One of the theories that explained the formation of moon was that another planet collided with Earth more than 4.5 billion years ago and the debris that was thrown up in space consolidated to form the moon. Now researchers at Harvard seem to have declared their support to the theory.
The currently favoured theory says that the Moon was formed 4.5 billion years ago, when the Earth collided with a Mars-sized mass, which has been given the name 'Theia' and according to this theory, the heat generated by the collision would have caused the whole planet to melt, before some of the debris cooled and spun off to create the Moon.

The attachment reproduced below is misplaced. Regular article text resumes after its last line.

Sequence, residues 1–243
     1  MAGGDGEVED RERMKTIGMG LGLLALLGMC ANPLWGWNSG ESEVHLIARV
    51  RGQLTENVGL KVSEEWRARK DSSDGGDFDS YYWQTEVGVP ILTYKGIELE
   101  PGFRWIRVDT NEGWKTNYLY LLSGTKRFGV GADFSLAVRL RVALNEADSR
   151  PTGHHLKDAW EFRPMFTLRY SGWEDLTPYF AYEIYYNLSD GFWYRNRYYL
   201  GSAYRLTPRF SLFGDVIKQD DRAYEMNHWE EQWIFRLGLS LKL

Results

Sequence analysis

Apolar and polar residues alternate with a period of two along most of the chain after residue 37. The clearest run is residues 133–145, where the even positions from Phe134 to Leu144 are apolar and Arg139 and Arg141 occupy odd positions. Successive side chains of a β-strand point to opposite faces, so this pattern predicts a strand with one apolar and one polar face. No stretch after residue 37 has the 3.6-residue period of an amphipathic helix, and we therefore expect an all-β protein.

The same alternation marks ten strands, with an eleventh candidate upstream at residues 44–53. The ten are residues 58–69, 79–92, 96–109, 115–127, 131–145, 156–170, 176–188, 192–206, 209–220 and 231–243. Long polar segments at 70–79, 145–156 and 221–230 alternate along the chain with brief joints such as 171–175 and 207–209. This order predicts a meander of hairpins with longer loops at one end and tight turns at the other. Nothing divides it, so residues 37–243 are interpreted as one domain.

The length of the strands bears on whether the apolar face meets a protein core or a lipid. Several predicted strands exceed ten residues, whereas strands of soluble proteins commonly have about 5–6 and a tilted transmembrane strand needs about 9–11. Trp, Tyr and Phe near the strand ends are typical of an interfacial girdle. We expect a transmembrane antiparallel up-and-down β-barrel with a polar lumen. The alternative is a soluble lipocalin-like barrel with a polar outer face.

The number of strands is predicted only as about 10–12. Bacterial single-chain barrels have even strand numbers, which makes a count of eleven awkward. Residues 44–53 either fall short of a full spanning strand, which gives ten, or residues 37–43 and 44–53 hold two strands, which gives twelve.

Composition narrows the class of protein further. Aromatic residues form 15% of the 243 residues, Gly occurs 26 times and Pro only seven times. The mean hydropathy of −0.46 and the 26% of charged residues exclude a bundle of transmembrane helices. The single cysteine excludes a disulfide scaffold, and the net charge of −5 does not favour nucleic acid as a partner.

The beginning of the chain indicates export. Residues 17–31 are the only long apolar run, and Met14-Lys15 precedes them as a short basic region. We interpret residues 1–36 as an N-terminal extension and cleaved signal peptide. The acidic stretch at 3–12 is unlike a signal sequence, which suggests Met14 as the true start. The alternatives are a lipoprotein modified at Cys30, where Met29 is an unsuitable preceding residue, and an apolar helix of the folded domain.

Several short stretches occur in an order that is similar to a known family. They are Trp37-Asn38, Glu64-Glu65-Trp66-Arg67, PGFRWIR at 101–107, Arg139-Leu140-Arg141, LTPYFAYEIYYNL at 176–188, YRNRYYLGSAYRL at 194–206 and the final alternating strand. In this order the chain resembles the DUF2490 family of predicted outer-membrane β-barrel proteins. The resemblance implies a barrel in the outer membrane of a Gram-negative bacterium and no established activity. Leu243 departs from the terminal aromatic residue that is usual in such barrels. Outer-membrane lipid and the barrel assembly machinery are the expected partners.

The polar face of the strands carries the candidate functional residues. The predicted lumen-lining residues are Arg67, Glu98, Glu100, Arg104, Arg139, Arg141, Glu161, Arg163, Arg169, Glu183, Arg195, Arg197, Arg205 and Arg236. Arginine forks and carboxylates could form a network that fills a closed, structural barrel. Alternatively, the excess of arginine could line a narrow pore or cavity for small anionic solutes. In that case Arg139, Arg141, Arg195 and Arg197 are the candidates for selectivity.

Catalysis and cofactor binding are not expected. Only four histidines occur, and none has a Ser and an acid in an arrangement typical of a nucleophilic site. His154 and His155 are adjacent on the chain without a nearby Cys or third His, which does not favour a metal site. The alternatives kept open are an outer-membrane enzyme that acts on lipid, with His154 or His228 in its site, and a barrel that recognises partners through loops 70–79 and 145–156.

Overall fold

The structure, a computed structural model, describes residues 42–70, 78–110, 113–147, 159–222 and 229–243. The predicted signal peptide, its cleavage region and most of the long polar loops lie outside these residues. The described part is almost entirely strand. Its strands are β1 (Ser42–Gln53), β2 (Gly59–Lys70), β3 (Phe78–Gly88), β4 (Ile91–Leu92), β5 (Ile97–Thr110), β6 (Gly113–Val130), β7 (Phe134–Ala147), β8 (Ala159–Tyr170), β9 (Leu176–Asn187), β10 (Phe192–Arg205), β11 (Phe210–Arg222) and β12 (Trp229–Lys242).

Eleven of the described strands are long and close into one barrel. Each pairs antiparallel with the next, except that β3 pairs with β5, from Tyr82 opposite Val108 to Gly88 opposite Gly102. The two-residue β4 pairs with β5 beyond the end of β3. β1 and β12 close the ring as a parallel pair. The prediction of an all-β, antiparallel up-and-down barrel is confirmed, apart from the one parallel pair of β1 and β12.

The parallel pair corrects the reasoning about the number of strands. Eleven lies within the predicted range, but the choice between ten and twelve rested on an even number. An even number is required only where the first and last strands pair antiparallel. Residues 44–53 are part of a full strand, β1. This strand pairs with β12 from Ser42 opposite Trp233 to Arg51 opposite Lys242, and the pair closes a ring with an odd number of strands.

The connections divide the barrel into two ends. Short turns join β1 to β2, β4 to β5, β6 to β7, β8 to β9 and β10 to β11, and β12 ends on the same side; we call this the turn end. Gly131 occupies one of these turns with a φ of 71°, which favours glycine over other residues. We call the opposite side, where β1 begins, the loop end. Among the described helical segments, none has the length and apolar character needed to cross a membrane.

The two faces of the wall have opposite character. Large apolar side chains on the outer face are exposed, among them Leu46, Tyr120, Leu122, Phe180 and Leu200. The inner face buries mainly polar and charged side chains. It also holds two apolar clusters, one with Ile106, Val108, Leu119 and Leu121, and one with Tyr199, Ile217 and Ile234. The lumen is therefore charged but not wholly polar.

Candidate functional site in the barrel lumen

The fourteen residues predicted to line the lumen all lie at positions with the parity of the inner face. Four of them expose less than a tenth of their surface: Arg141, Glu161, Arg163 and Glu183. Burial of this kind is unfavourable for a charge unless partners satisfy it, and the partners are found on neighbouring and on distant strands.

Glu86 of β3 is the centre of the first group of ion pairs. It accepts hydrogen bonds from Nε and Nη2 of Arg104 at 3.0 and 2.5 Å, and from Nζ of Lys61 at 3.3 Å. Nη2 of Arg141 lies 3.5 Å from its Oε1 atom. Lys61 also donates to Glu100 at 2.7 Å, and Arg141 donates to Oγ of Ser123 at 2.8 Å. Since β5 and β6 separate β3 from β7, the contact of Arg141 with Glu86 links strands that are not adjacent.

Now, however, a group of scientists believe that a previously unexplained isotopic ratio from deep within the Earth may be a signal from ancient part that still exists within the Earth's mantle.
Associate Professor Sujoy Mukhopadhyay of Harvard said that the energy released by the impact between the Earth and Theia would have melted the whole planet but they believe that the impact energy was not evenly distributed so the opposite hemisphere would have been partly shielded, and would not have undergone complete melting.